A Familial History of a Backyard and Its Landscape

The landscape evaluation I decided to ‘read’ is the backyard of a family home.  The house is nestled in the foothills of East San Jose a half-mile off the main road Alum Rock Avenue, otherwise known as California State Route 130.  The house is located in a cul-de-sac making for a quiet, tranquil neighborhood.  My mother and fathered purchased the home in 2000 as a real estate investment, and to provide housing for my maternal grandfather Guadalupe Rodriguez.  He lived in the house for the remainder of his life (nearly twenty years) significantly contributing to the landscape of the home by planting a wide variety of greenery.  Prior to my family’s ownership of the house, the Unrue family were the owners—my family and I do not recall the first names of the Unrues.  Their initial development of the landscape still predominantly characterizes the features of the back and front yards.

The backyard is a downward sloped hill and at the top of the hill where the house sits, one can experience an excellent view of downtown and south San Jose.  To enhance this view, the Unrues built a viewing deck and installed a patio space made of grey and pebbled concrete.  In the concrete, they left behind several mementos including what appears to be a railway spike, horseshoe, an adult and child handprint, and their family name etched into the cement, one dated 1975.  The Unrues built a wooden stairway that descends down the hill and tiered the hill into four levels, as well as built a fence at the top of the hill as a barrier.  They also planted several fruit trees, and numerous bushes in the backyard, especially on the tiered sections.  At the top of the hill they planted a mulberry tree that still contributes to the aesthetics of the landscape today.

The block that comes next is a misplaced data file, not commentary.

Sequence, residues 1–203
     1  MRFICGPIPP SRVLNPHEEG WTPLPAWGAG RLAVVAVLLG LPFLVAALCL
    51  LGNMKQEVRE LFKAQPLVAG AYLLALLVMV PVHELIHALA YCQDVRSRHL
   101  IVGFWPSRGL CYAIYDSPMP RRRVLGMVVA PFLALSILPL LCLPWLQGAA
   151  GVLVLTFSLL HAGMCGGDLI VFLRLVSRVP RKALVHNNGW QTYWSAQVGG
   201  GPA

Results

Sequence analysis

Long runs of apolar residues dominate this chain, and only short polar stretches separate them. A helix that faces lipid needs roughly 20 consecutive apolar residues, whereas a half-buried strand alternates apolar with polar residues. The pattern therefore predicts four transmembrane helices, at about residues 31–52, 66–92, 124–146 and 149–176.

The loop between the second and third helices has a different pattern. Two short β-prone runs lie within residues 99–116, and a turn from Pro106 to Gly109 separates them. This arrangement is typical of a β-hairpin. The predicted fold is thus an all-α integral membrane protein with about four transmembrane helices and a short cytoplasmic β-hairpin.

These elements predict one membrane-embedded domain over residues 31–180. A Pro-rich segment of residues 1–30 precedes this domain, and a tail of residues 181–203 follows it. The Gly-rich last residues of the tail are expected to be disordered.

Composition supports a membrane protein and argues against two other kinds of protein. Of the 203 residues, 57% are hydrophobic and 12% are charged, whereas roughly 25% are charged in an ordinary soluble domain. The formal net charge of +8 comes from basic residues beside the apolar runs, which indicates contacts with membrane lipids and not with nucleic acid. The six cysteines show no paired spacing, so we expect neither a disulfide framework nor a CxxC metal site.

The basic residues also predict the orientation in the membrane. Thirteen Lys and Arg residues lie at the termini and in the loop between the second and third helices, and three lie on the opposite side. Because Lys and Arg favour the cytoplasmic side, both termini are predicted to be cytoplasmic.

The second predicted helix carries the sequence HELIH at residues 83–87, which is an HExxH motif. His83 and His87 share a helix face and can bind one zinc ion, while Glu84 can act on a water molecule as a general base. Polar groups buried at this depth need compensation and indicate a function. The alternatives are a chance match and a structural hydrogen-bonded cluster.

When Guadalupe moved in, he contributed to the landscape of the backyard primarily by planting more greenery—a cactus and rose bushes from his hometown of Yahualica, Mexico as well as cherry, peach, and apricot trees.  He also planted two Chinese maple trees, a pine tree, a hibiscus tree, and oregano and mint plants.

During his life, the backyard was used for family social gatherings such as birthday parties.  They would be large gatherings consisting of immediate and extended family (mostly cousins).  These events were excellent environments to learn about family history or stories about the town of Yahualica where the maternal side of my family is from.

Over time, the original structures built by the Unrue’s deteriorated.  The fence that acted as a barrier between the top of the hill and the garden became overgrown with ivy and collapsed.  The wooden stairway has begun to collapse but is still usable, and the erosion of the hill has pushed the tiered sections to a slant.  Ivy has started to grow on a now ramshackle viewing deck.  In addition, several self-planted seeds have taken root growing a lemon tree and several unidentifiable deciduous trees.  Due to lack of care, time, and money most of the greenery has become overgrown.

The year after my grandfather passed away, I moved into the home with my fiancée.  As the newest residents we also contributed to the landscape of the backyard by planting more plants, caring for the plants my grandfather left us, and managing the overgrowth.  I significantly cut back tree branches and bushes, because the overgrowth obscured the view of the city.  My fiancée and I planted an herb garden, tomato plant, zucchini plant, sunflowers, and mint.  Since we moved in two months before the COVID-19 pandemic, our gatherings have been small and limited.  We hosted a Fourth of July barbeque for my immediate family and had only a small number of friends over for a visit.  However, once the pandemic passes, we intend on hosting more gatherings so other can enjoy the landscape of our living space and (hopefully) our hospitality.

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